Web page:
Progressive Grocer

JUN 2016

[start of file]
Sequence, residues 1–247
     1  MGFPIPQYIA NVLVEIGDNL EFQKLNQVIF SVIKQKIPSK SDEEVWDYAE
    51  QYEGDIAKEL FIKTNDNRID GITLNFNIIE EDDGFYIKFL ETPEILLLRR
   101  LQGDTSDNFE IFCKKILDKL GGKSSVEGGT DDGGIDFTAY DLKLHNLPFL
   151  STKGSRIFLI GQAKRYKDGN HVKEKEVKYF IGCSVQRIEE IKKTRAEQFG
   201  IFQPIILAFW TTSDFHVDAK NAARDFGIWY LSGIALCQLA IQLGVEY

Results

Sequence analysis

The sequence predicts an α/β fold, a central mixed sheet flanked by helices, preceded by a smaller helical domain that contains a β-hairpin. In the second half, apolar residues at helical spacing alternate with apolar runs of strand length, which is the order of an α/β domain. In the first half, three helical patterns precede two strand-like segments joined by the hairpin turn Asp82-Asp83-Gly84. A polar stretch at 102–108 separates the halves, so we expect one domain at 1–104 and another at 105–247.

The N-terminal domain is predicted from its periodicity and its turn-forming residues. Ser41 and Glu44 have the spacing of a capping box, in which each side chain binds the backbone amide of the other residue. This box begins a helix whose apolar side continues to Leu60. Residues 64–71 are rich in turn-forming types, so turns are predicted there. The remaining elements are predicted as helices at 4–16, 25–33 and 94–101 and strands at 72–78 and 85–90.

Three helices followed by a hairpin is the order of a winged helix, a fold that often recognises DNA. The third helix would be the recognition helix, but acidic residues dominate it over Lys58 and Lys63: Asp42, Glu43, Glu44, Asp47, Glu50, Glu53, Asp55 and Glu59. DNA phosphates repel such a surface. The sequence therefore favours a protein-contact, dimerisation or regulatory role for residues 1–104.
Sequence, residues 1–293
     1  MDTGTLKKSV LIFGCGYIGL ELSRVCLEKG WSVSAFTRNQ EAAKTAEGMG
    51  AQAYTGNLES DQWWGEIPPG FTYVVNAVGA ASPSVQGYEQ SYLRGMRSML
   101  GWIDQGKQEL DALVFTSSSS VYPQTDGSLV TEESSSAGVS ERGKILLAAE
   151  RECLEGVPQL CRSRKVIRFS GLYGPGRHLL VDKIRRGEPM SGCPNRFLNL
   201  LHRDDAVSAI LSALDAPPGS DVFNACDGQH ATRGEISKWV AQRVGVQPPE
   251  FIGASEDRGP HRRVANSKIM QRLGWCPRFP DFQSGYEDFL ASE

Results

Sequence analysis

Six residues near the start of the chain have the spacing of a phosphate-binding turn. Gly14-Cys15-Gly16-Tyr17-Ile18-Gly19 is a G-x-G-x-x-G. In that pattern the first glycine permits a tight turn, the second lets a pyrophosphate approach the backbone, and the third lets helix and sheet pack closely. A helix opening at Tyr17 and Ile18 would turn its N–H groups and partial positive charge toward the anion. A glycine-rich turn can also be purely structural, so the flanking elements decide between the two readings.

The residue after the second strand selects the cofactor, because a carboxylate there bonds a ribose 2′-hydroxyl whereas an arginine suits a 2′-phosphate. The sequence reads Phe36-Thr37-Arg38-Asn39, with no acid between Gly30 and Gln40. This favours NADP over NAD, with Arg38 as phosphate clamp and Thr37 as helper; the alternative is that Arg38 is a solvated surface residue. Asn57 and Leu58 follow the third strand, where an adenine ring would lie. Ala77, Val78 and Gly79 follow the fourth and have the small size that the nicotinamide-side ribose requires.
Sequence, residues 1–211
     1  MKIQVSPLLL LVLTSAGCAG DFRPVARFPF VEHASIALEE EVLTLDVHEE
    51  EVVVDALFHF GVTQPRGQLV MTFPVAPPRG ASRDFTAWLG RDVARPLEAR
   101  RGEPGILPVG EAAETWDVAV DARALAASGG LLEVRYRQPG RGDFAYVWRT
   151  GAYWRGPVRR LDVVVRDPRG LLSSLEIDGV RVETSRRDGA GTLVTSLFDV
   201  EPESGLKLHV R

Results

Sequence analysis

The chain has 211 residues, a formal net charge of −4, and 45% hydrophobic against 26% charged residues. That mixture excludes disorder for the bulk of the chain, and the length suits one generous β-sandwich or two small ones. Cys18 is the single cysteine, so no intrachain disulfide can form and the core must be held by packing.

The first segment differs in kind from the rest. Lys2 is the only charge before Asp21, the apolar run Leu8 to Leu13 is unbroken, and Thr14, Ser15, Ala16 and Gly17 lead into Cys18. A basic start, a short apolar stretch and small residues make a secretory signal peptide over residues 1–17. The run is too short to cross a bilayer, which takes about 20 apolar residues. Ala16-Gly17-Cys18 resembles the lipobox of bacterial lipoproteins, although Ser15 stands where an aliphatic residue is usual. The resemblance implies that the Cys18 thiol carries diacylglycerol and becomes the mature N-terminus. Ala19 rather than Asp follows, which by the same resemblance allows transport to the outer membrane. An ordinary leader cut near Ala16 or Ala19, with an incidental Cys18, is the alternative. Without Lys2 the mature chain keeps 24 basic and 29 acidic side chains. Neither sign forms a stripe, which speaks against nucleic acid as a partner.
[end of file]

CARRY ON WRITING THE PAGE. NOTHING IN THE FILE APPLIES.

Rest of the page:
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12 SOLUTIONS JUNE 2016 by zip code so that stores will be able to fne-tune their food preparation even more precisely. "We also extend the reach outside of stores through dig- ital engagement, which grocers need to be doing more," says Hays. "As an industry, we need to pivot to become more of a service industry and not just a commodity provider trying to provide the lowest prices. "DinnerCall is a new revenue stream that can compete with drive-thrus and takeout, while also making the most of resources that grocery stores already have," Hays notes. As a co-founder of Charley Biggs Food Company, a fresh "instore" foodservice and product set designed for deli foodservice and used by 750 retailers throughout North America, he knows how to maximize grocerant capabilities. "Most stores can do anything—they have smokers, holding ovens, steamers," he says. "With the explosion of culinary meals and no fear of shrink, stores can take the lead here. Partner with local chefs for recipe devel- opment, make the most of your best-selling meals, have meals at a variety of price points and at real consumption levels to bring families back to the table." Carlisle, Pa.-based Giant Food Stores, a division of Ahold USA, decided to jump straight into the meal kit market with the late 2015 rollout of its sophisticated line of fresh meal kits. "Our kits are currently available in select Giant Food Stores and via Peapod in select markets," says Juan De Paoli, senior vice president, own brands for Ahold USA. "Customers can choose to pick up a box through which- ever method is most convenient for them: during their instore shop, via Peapod delivery or at a Peapod pickup point. Unlike the meal order brands, this is not a subscription service, so our customers have more fexibility. Tere is no long-term commitment to buy a specifed number of meal kits." Te kits, which cook in 35 min- utes or less, will vary by season, including such oferings as mini Italian-style meatloaf with couscous and fresh vegetables, and pan-seared boneless pork chops with apple and honey mustard sauce, roasted Brussels sprouts and sweet potatoes. A kit that serves two people is $14.99; two kits are $24.99. "At any given point, we like to ensure customers have several recipes from which to choose—a range of pro- teins, ingredients and favors for every taste," says De Paoli. "Recipes are seasonally relevant and rotated every few months so customers can con- tinue to experience something new. All our recipes are tri- ple-tested, include seasonal fresh produce and have some prepared elements (for example, chopped onions) to save our customers time." G Giant Food Stores: Making upscale meals accessible As more startups enter the meal kit market, many will be looking to put an individual stamp on their products, much as these meal kit companies have already done: Chef 'd—recipes and kits, often extravagant, based on the well-known chefs who created them Green Chef—frst and only fully certifed organic meal kit company shipping nationwide GreenBlender—weekly delivery of fve new smoothie recipes and all the pre-portioned ingre- dients needed to make 10 smoothies Little Green Gourmets—healthy meals for chil- dren, delivered to the New York area Pantry—counter-intuitively, brings the delivery meal kit into a brick-and-mortar shopping experi- ence in the Washington Square neighborhood of Brookline, Mass. PeachDish—Southern-infused and seasonally inspired recipes The Purple Carrot—vegetarian fare created under the guidance of former writer Mark Bittman, chief innovation ofcer Finding niches within a niche

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